Technology Will Save Us 07.07.15

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Dismayed by our incomprehension of how consumer electronics work, Technology Will Save Us are determined to re-educate the nation

“Our mission is to build the most accessible system for hands-on learning in the world,” says Daniel Hirschmann, artist, technologist and co-founder of Technology Will Save Us. His ambition is understandable – the tech start-up he founded with designer Bethany Koby has in recent months been propelled to the upper echelons of the design world, after its DIY Gamer Kit was nominated for Design of the Year by the Design Museum and acquired by New York’s Museum of Modern Art. The pair started in 2012, selling their kits from inside a record shop. Now, their 20-strong team is based in two premises on a street in east London – office-based functions in one location; assembly in the other.

It all started when South Africa-born Hirschmann found a fully functional laptop in a bin. “I was horrified that someone would just throw it away,” he says. The incident sparked a conversation with Koby about our culture of disposability that he says is responsible for TWSU’s creation. “We’re surrounded by technology, yet we’re disconnected from it,” he summarises. “We think this is because people aren’t exposed to technology – they are just given hermetically sealed products that are replaced when they break. We wanted to expose people to what goes into making technology function, rather than just consuming it.”

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The kit allows you to code your own games

Their solution was to create gadgets that could be made by anyone at home, a process they hoped would demystify technology in a world where many are wary of even changing a fuse. The first comprised 15 components and a soldering kit. “You melted metal and ended up with a musical instrument, but it was so much more than the sum of its parts because you got the experience of making it, which gives people confidence to use these skills in the future.”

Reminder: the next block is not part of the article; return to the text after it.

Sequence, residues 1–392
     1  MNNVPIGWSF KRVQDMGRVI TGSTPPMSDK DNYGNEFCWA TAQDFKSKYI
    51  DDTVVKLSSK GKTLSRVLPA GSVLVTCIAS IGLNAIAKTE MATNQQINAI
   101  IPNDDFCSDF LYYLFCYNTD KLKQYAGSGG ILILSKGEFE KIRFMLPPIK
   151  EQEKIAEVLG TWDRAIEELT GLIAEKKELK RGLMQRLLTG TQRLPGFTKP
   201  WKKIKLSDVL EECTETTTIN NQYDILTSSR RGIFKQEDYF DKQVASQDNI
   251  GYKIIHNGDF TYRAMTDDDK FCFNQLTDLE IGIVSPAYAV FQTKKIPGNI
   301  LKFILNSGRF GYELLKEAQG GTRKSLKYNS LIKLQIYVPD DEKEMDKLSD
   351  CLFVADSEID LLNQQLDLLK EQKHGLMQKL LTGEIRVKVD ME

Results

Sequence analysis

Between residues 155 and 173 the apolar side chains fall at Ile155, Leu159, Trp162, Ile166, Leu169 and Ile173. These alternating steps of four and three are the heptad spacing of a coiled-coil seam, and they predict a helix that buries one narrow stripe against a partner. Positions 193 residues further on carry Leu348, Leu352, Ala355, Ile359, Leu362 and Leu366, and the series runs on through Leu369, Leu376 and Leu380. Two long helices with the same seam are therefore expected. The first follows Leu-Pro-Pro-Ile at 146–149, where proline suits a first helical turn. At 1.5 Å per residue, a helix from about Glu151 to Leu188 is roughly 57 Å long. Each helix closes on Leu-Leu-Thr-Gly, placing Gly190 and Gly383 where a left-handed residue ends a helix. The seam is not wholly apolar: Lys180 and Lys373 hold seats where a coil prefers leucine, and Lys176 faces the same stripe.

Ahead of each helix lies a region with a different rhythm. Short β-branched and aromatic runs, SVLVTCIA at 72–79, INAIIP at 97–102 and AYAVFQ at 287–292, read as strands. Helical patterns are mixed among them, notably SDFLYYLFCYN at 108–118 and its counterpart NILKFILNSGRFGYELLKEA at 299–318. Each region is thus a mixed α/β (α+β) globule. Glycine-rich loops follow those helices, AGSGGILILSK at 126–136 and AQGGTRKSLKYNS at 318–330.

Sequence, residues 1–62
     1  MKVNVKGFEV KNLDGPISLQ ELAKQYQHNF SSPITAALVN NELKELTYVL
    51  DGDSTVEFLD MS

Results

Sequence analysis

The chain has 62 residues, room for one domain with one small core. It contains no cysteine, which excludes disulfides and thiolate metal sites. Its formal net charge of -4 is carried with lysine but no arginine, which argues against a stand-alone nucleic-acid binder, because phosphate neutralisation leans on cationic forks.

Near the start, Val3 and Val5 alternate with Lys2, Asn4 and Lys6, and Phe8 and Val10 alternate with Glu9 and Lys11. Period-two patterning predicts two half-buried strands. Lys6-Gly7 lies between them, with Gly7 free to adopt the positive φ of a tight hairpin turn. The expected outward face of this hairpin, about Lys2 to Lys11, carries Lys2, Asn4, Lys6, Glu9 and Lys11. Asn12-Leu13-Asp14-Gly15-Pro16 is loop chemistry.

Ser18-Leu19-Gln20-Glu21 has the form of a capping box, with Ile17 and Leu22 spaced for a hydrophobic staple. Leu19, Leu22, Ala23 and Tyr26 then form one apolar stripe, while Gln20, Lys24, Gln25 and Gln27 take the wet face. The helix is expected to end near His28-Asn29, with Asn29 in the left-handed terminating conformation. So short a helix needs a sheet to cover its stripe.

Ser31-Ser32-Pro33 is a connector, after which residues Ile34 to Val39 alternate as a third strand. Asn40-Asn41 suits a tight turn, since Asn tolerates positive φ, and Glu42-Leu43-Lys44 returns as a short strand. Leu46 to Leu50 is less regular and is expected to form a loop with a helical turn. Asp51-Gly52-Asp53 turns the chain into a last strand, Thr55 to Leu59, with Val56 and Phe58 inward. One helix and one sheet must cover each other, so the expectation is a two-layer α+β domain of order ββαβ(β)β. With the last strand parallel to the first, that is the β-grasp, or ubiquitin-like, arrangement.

Many workshops and research projects resulted in their current range – of which the DIY Gamer Kit has been the star act. Launched in 2013, this box of components allows you to build a handheld device on which to code games. “You’re introduced to programming, but you also have to think about design challenges such as what your game will look like and its narrative.” Instructions, as with all their kits, come in multiple forms, from YouTube videos to PDF and printed manuals that resemble those of old model aeroplane kits.

It is not hard to see why the design establishment has taken notice of the enterprise. From the DIY Gamer to the Thirsty Plant kit – a solar-powered detector that tells you when to water your plant – the gadgets are visually as well as intellectually pleasing. Colourful yet refined, their deliberately gender-and age-neutral aesthetic gives them wide appeal. They have also tapped into the resurgence of interest in craft and a nostalgia for the handmade. Recognition from design institutions is important to the duo – not least due to the exposure it brings (MoMA put the DIY Gamer on the cover of its 2.5m circulation catalogue). “It’s validation that we’ve designed something eyecatching and exciting, that makes you want to learn more.”

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The DIY Synth kit, on which you can generate music

This is a crucial to their mission to reach “outside the geek community,” to people who might otherwise be intimidated by technology and fear voiding their warranties. “We want to talk to the people who are too afraid to fix their phone or remote control when it’s broken – to give them the choice to customise their world.”

Both Hirschmann and Koby have experience in teaching – computing and social innovation, respectively – so they naturally sought ways to connect to potential users directly, through workshops and after-school clubs. With a new emphasis on coding in the school curriculum, it’s clearly something that’s seen as important.

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The pocket-sized codeable BBC Micro Bit computer will include LEDs, programmable buttons, a motion detector, a compass, Bluetooth technology and input and output connections to hook up robots and motors to the device. It will be distributed to 1 million children across the UK in September

Indeed, this year TWSU has embarked on its most high-profile project to date. As part of the BBC’s Make It Digital campaign, it will be working alongside Microsoft and Samsung to design a weareable, customisable coding device, the Micro Bit, that will be distributed to 1 million 11- to 12-year-olds across the UK this September.

As interest in TWSU grows, the company is seeking investment to keep up. Hirschmann hopes it will mean they can expand their operations further afield. “As I’m from southern Africa, the idea of working there is close to my heart. In the developing world, things are repaired as a matter of course, rather than thrown away. There’s an interesting set of lessons we can develop with people in these regions and bring back here – and vice versa, taking what we’re doing here over there.”

 

Words

Debika Ray

 

Above: The DIY Gamer kit, which was aquired by New York’s MoMA

quotes story

We wanted to expose people to what goes into making technology function, rather than just consuming it

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All packaging is designed to be gender- and age-neutral

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